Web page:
2020 in review: Soleimani's killing dealt hard blow to Iran's regional clout
Soleimani, 62, was the chief of Iran’s self-styled Quds Force affiliated with the Revolutionary Guard that has forged strong links with Tehran’s proxy militias in Yemen, Iraq, Lebanon and Syria. Image Credit: Reuters

Cairo: Three days into 2020, simmering tensions between Washington and Tehran took an extremely serious turn when a US drone strike killed a top Iranian general near the Baghdad airport.

On January 3, Qasim Soleimani, the architect of Iran’s regional interventions, flew into Iraq reportedly from Syria or Lebanon where Iran has wielded influence. Abu Mahdi Al Muhandis, the deputy commander of Iraq’s Iran-backed militia Al Hashd Al Shabi or the Popular Mobilisation Forces was at the airport to welcome Soleimani.

Shortly afterwards, a US drone strike targeted their vehicle outside the Baghdad airport, leaving both men and several others dead and stoking up US-Iranian tensions.

Soleimani, 62, was the chief of Iran’s self-styled Quds Force affiliated with the Revolutionary Guard that has forged strong links with Tehran’s proxy militias in Yemen, Iraq, Lebanon and Syria.

In the recent years before his killing, Soleimani was a frequent traveller to war-torn Syria where he appeared in photos and documentaries on the battleground.

The strike against him was ordered by US President “in a decisive defensive action to protect US personnel abroad,” the Pentagon said.

“General Soleimani was actively developing plans to attack American diplomats and service members in Iraq and throughout the region. General Soleimani and his Quds Force were responsible for the deaths of hundreds of American and coalition service members and the wounding of thousands more,” the US Department of Defence said.

Trump accused Soleimani of killing or badly injuring thousands of Americans over an extended period of time.

“[He] was plotting to kill many more…but got caught!” Trump later tweeted. “He was directly and indirectly responsible for the death of millions of people, including the recent large number of protesters killed in Iran itself,” Trump added.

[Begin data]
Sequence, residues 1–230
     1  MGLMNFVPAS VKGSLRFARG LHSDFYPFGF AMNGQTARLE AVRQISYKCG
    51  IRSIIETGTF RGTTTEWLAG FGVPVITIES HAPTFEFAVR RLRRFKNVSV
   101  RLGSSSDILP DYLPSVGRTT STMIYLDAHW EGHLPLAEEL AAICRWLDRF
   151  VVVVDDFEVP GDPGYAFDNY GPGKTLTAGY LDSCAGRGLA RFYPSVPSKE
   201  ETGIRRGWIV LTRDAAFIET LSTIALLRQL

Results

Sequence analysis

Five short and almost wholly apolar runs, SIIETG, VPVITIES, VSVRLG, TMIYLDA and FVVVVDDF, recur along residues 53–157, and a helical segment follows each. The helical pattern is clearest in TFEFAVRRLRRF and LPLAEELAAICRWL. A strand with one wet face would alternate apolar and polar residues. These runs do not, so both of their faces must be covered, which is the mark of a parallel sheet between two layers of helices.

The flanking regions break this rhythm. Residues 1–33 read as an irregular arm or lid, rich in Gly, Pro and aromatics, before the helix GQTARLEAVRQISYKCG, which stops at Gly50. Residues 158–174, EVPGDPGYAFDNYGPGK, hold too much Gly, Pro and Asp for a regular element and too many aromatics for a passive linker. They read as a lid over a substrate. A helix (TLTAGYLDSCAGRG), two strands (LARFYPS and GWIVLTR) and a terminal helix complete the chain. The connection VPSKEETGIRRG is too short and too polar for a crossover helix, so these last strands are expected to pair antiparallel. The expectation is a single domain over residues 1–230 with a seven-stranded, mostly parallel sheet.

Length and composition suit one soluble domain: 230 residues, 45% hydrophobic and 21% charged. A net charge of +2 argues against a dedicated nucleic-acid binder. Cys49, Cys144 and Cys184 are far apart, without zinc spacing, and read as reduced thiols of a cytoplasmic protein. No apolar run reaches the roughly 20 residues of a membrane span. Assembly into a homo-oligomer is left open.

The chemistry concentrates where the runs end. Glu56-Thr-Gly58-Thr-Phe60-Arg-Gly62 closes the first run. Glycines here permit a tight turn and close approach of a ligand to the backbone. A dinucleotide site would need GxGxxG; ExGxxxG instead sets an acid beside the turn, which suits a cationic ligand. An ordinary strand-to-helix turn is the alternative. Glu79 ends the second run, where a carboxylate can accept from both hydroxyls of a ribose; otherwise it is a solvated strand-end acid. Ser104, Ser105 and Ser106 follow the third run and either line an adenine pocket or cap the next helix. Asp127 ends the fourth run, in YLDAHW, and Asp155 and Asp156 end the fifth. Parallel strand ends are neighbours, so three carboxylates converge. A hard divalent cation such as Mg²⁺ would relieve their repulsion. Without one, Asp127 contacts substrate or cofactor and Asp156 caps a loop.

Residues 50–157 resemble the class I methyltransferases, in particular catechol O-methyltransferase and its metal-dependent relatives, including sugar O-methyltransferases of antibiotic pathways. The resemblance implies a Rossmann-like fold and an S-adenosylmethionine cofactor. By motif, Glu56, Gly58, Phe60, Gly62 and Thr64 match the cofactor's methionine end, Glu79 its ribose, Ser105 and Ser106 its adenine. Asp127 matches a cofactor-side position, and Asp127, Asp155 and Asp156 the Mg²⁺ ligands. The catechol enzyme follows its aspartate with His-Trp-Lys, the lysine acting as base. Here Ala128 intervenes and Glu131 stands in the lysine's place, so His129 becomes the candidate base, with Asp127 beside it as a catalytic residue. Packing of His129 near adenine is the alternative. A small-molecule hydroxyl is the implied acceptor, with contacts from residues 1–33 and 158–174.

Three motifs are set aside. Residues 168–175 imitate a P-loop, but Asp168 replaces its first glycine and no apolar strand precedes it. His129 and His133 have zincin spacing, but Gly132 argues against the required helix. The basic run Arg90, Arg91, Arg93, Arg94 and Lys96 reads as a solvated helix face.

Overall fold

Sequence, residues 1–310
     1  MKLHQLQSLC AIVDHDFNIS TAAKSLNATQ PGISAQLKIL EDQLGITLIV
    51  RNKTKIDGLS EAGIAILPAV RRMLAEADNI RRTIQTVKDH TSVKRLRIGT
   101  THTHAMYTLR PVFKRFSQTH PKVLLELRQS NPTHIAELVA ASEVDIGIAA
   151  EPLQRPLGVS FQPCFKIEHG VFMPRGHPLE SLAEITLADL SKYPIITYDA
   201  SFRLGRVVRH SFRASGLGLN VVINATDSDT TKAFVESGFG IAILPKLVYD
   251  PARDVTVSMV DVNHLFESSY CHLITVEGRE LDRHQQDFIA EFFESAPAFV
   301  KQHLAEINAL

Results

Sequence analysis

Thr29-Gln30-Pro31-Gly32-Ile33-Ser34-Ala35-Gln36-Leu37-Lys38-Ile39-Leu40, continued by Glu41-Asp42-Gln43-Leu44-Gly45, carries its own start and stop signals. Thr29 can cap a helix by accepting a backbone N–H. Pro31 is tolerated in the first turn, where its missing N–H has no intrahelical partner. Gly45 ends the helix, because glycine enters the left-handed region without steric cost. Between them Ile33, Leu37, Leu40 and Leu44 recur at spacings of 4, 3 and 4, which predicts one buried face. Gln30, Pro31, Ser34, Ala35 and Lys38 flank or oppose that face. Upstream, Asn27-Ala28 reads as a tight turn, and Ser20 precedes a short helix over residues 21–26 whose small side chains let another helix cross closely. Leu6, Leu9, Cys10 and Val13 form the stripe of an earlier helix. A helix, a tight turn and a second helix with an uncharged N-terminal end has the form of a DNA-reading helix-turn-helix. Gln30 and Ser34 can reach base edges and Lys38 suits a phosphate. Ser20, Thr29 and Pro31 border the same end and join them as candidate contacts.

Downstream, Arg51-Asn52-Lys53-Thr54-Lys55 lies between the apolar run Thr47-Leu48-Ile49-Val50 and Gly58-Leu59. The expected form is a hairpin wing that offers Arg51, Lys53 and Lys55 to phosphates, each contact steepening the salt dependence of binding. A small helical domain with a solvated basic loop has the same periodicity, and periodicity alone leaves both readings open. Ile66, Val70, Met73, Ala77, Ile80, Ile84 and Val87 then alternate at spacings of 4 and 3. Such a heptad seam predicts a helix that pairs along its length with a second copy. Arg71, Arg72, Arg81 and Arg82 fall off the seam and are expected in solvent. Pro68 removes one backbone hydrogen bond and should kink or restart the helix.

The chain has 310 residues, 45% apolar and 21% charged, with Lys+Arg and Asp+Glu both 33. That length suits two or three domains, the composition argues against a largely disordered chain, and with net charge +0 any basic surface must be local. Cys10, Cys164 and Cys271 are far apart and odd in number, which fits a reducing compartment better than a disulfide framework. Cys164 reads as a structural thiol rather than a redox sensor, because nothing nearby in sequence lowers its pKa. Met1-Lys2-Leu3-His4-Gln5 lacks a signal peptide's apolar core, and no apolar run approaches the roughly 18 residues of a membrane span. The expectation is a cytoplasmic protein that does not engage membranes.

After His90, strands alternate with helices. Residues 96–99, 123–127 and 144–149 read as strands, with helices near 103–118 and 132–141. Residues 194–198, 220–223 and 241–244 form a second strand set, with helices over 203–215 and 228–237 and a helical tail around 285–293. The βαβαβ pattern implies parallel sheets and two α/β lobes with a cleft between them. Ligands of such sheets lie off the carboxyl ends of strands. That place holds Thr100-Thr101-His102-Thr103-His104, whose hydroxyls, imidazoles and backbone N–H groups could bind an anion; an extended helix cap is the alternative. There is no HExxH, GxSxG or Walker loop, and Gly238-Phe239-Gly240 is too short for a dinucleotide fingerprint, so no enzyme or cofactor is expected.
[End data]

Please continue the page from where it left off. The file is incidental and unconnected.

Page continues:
Due to the heightened tensions, the US urged its citizens in Iraq to leave “immediately”. Soleimani’s assassination outraged Iran, which in retaliation fired missiles on January 8 at airbases in western and northern Iraq hosting US forces. The operation that Iran codenamed “Martyr Soelimani” caused material damage, but no casualties.

Iran had notified the Iraqi government ahead of the attack and Baghdad reportedly passed on the information to Washington.

‘Disaster’

The military escalation came against a backdrop of tensions that erupted between the US and Iran since Trump had pulled in 2018 his country out of an international nuclear deal that the administration of his Democratic predecessor Barack Obama signed three years earlier. Trump branded the deal as a “disaster” and an “embarrassment” to the US and reimposed crippling sanctions on Iran.

On December 27, 2019, a US contractor was killed and several military personnel were injured in a rocket attack in northern Iraq. The US blamed Iran-backed Iraqi paramilitaries for the attack.

In retaliation, the US mounted a series of air strikes against military facilities belonging to Kateb Hezbollah, a faction of Iraq’s Hashd Al Shabi. Some 25 militiamen were killed and 50 others injured in the attack, according to the militia.

In response, dozens of the Hashd loyalists stormed the US embassy compound in Baghdad and torched a reception area.

In recent months, Iraqi bases housing US-led coalition troops and the Baghdad Green Zone where the US embassy is located have come under a spate of rocket attacks blamed on pro-Iranian militias.

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